Over the last decade, pious Muslims all over the world have gone through contradictory transformations. Though public attention commonly rests on the turn toward violence, this book's stories of transformation to "moderate Islam" in a previously radical district in Istanbul exemplify another experience.
In a shift away from distrust of the state to partial secularization, Islamists in Turkey transitioned through a process of absorption into existing power structures. With rich descriptions of life in the district of Sultanbeyli, this unique work investigates how religious activists organized, how authorities defeated them, and how the emergent pro-state Justice and Development Party incorporated them.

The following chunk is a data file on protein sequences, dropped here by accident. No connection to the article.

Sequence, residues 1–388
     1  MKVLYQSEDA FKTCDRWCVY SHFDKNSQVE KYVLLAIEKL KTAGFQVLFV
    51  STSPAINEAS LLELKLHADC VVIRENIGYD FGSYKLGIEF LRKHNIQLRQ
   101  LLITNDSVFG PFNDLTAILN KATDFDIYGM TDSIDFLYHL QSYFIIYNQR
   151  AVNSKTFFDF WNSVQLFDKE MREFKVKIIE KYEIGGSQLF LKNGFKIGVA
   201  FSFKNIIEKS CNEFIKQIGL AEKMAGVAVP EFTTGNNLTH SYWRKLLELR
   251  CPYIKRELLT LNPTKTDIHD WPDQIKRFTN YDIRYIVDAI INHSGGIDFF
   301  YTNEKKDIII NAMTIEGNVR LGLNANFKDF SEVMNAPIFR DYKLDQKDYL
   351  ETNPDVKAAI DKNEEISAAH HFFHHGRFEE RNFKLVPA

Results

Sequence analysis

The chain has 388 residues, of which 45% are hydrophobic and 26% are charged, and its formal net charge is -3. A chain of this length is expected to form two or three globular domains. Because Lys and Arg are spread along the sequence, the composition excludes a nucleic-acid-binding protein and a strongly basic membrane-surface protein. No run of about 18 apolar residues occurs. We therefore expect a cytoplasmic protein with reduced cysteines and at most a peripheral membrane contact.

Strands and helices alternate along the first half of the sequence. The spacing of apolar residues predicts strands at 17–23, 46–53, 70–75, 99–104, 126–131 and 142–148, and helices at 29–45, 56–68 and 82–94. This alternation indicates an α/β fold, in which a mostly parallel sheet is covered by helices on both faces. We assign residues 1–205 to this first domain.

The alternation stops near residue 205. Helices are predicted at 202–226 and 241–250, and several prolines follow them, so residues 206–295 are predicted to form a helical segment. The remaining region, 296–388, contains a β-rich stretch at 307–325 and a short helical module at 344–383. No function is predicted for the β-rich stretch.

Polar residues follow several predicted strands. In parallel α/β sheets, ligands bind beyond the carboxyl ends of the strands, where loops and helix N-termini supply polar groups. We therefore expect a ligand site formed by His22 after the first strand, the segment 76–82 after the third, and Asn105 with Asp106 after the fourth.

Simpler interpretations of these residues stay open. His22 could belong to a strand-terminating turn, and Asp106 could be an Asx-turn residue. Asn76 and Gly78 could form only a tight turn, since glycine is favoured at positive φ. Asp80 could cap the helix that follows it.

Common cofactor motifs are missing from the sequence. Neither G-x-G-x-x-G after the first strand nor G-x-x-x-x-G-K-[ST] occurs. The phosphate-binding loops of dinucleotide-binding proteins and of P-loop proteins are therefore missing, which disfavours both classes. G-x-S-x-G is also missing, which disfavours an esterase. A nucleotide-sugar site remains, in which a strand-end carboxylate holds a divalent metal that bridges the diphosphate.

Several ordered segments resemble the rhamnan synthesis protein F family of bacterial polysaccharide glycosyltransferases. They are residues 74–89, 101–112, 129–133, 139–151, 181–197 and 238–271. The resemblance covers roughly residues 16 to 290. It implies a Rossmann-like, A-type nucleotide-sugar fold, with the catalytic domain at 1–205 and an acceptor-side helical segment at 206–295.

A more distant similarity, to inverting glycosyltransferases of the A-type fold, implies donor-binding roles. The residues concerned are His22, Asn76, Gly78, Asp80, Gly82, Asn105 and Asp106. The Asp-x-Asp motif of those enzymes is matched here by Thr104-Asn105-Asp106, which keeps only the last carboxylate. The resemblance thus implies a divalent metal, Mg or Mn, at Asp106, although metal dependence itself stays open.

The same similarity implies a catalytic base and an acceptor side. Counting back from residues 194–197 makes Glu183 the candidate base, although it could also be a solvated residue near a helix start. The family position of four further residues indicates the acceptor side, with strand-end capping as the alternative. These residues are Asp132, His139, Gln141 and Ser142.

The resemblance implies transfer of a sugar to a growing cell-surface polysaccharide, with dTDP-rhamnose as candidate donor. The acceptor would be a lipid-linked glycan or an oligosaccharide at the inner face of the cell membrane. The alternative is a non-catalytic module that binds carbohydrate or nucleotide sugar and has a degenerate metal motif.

As Tugal reveals, the absorption of a radical movement was not simply the foregone conclusion of an inevitable world-historical trend but an outcome of contingent struggles. With a closing comparative look at Egypt and Iran, the book situates the Turkish case in a broad historical context and discusses why Islamic politics have not been similarly integrated into secular capitalism elsewhere.